This in itself would be interesting, but the attention-grabbing aspect is that customers can deploy and manage applications on environments from Google, AWS, Azure, HPE, Cisco, VMware and more, in a consistent way. This abstracts away all the underlying complexity, enabling customers to choose to interact with Anthos, instead of with multiple different API sets. With tools for every role - platform engineers, developers, service operators, security and compliance and more - Anthos essentially eliminates the need to train people on each cloud they are using, while also automating policies and security at scale across Anthos environments. This speaks to a key theme at Google Cloud – the need to dramatically lower the level of expertise needed to enable users to take advantage of Google Cloud’s advanced features.

Along with simplifying multicloud and hybrid cloud deployment and operations, Anthos also addresses the customer need for easier application modernization. Anthos is designed for container-ready applications, but realistically today that will only be true of net new projects. Since many organizations want to move legacy workloads to cloud native environments, Anthos includes capabilities inherited from Velostrata (a Google acquisition from 2018) to convert traditional VMs to cloud VMs, or to convert VMs to containers.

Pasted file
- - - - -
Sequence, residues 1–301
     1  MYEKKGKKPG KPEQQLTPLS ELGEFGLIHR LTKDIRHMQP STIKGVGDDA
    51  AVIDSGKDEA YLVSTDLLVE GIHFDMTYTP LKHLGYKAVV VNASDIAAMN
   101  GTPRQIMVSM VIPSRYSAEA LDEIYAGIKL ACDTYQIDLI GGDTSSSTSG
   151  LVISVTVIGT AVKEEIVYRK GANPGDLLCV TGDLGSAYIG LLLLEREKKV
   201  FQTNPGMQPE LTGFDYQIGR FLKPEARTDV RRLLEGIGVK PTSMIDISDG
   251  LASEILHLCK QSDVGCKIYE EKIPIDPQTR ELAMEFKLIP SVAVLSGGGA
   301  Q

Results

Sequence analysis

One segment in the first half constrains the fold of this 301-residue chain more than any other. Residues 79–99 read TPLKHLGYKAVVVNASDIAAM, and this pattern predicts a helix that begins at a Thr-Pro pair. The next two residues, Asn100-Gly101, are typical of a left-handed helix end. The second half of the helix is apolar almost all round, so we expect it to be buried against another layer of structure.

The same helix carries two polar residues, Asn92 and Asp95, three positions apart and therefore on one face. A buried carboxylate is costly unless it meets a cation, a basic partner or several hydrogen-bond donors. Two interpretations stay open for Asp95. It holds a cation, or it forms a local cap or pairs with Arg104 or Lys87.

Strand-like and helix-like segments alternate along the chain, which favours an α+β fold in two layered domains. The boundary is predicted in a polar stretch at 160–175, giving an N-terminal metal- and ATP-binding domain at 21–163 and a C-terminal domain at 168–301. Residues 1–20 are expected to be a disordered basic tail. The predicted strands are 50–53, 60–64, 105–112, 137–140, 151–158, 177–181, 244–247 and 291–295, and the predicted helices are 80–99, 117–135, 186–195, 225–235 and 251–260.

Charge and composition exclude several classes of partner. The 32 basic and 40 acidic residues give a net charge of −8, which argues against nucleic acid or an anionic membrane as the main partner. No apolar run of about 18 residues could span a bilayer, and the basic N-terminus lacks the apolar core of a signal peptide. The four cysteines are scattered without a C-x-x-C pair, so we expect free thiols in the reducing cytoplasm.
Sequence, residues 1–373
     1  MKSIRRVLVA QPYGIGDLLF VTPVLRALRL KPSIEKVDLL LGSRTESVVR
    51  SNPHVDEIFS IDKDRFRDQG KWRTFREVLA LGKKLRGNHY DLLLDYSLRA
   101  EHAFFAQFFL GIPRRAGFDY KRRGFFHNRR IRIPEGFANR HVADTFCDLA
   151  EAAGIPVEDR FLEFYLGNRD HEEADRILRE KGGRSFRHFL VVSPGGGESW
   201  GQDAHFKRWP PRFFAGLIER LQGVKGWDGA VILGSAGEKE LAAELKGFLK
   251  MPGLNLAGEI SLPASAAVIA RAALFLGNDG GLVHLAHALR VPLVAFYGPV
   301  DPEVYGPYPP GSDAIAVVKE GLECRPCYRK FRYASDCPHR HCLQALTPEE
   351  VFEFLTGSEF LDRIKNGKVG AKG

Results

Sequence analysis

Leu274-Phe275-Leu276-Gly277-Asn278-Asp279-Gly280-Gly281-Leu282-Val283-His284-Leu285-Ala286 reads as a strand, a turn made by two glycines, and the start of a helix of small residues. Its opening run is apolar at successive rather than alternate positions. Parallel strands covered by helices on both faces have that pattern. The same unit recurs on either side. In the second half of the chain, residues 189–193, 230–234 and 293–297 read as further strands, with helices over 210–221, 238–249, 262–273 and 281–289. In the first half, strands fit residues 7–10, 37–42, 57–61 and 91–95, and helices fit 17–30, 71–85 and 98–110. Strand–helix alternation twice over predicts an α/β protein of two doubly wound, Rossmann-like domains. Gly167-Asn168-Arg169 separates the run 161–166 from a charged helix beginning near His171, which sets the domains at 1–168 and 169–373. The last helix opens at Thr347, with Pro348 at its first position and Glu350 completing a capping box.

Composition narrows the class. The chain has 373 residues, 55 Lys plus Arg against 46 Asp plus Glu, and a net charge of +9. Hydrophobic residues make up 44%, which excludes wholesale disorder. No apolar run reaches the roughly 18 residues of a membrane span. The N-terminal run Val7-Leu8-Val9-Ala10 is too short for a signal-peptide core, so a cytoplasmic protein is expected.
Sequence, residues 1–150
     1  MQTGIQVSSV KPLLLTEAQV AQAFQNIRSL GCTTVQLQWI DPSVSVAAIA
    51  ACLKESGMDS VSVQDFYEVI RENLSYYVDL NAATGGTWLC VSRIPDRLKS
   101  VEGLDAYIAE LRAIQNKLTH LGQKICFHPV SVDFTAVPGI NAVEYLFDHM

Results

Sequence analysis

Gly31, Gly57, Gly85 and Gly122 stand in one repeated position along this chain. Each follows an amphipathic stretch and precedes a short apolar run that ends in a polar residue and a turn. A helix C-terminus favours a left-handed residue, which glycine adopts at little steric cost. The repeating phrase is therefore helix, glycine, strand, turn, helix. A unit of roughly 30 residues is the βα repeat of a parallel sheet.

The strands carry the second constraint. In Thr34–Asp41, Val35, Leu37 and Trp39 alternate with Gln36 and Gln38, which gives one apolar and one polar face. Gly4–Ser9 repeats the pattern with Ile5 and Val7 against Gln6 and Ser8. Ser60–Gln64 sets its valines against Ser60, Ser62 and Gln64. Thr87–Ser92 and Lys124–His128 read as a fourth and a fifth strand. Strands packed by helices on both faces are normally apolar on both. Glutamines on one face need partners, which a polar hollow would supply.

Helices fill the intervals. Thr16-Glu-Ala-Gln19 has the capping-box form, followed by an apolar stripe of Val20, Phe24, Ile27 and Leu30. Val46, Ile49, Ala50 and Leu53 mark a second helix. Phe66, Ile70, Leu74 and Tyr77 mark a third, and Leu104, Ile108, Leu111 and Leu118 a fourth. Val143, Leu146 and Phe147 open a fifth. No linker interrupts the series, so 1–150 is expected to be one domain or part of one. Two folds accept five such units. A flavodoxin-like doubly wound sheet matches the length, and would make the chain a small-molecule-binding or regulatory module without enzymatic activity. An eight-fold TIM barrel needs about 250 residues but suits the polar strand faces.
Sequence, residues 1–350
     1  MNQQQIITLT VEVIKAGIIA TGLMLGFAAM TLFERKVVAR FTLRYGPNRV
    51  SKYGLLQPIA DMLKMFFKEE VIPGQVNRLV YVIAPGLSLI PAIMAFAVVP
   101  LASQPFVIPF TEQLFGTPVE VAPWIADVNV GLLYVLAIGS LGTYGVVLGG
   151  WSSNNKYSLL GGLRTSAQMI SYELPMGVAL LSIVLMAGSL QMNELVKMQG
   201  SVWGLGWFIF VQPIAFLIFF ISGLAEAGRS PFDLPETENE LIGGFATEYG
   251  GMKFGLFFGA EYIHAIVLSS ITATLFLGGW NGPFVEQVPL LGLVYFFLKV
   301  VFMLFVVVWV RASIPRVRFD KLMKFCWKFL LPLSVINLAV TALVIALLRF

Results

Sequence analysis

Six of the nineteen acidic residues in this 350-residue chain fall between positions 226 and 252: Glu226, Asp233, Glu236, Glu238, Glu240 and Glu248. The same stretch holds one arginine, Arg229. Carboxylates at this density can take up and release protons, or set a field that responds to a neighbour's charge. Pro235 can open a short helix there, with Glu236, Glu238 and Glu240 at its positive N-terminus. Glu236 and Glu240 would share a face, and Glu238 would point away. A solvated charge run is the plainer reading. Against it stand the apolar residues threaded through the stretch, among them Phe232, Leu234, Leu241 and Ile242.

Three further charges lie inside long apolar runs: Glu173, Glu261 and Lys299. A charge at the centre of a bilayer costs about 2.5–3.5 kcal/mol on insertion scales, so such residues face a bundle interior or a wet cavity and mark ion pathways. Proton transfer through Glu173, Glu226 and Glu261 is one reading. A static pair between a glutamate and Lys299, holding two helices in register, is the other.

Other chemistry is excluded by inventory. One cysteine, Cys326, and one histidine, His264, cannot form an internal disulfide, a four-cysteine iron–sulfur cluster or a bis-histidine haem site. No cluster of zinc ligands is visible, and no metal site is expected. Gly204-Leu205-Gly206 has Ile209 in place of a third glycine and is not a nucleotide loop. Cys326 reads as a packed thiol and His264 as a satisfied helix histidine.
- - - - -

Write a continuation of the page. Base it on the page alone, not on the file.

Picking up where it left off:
The BigQuery database is another capability that has been further developed to make Google’s advanced services more accessible to less expert users. Embedded with machine learning capabilities, BigQuery is able to automate segmentation analysis in large data sets to identity outliers, reducing both processing time and infrastructure required. Cloud AutoML also seeks to make machine learning more widely accessible, providing a suite of products designed to enable users with limited ML expertise to develop their own custom machine learning models. One concrete example is Moorfields Eye Hospital NHS Foundation Trust, which used Google Cloud AutoML Vision without prior ML or coding experience, to develop models that accurately detect common diseases from medical images.

Finally, Google is well aware how keen many enterprises are to bring some of the Google “magic” – what the company refers to as “the best of Google” into their own operations.  While it’s still a little unclear how easily business cultures can be shared, Google is happy to work with clients to share how Google likes to operate, with a clear focus on their organizational constructs, empowerment and rapid development, and data driven decision-making.

Overall, Google is successfully transitioning from a cloud laggard (which it still is in terms of pure market share) into a strong cloud innovator. Its current focus on lowering the technical barriers to use can only make it stronger, broadening Googles addressable market. Historically many organizations have suffered the plight of offering the best technology that few individuals could use – and Google seems very assured in side-stepping this challenge.